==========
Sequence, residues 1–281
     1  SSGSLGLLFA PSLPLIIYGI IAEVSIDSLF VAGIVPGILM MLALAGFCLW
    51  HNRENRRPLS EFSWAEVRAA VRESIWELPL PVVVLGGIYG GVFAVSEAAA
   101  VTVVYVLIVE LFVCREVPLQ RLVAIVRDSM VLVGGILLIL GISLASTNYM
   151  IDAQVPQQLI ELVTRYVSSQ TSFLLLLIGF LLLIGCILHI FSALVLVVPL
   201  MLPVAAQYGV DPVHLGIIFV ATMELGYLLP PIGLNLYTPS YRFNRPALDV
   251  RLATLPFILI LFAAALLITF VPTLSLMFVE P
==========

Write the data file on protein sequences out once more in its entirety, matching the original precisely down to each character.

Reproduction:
Sequence, residues 1–281
     1  SSGSLGLLFA PSLPLIIYGI IAEVSIDSLF VAGIVPGILM MLALAGFCLW
    51  HNRENRRPLS EFSWAEVRAA VRESIWELPL PVVVLGGIYG GVFAVSEAAA
   101  VTVVYVLIVE LFVCREVPLQ RLVAIVRDSM VLVGGILLIL GISLASTNYM
   151  IDAQVPQQLI ELVTRYVSSQ TSFLLLLIGF LLLIGCILHI FSALVLVVPL
   201  MLPVAAQYGV DPVHLGIIFV ATMELGYLLP PIGLNLYTPS YRFNRPALDV
   251  RLATLPFILI LFAAALLITF VPTLSLMFVE P